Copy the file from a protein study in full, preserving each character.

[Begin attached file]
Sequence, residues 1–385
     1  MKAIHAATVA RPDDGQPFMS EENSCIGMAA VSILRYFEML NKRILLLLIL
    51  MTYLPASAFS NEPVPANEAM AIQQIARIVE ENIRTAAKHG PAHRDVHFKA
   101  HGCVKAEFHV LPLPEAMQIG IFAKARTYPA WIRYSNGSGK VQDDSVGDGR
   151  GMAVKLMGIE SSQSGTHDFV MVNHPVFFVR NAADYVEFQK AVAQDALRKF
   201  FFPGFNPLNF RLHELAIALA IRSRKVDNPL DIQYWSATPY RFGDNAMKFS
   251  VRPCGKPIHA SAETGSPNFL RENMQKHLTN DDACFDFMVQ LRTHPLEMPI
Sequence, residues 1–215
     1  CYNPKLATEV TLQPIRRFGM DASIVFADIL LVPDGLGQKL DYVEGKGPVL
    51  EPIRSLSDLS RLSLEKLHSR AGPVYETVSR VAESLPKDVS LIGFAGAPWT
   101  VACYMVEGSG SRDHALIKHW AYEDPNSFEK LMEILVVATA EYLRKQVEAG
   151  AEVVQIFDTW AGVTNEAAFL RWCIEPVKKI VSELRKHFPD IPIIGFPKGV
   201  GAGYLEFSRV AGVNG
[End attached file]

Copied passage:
Sequence, residues 1–385
     1  MKAIHAATVA RPDDGQPFMS EENSCIGMAA VSILRYFEML NKRILLLLIL
    51  MTYLPASAFS NEPVPANEAM AIQQIARIVE ENIRTAAKHG PAHRDVHFKA
   101  HGCVKAEFHV LPLPEAMQIG IFAKARTYPA WIRYSNGSGK VQDDSVGDGR
   151  GMAVKLMGIE SSQSGTHDFV MVNHPVFFVR NAADYVEFQK AVAQDALRKF
   201  FFPGFNPLNF RLHELAIALA IRSRKVDNPL DIQYWSATPY RFGDNAMKFS
   251  VRPCGKPIHA SAETGSPNFL RENMQKHLTN DDACFDFMVQ LRTHPLEMPI
Sequence, residues 1–215
     1  CYNPKLATEV TLQPIRRFGM DASIVFADIL LVPDGLGQKL DYVEGKGPVL
    51  EPIRSLSDLS RLSLEKLHSR AGPVYETVSR VAESLPKDVS LIGFAGAPWT
   101  VACYMVEGSG SRDHALIKHW AYEDPNSFEK LMEILVVATA EYLRKQVEAG
   151  AEVVQIFDTW AGVTNEAAFL RWCIEPVKKI VSELRKHFPD IPIIGFPKGV
   201  GAGYLEFSRV AGVNG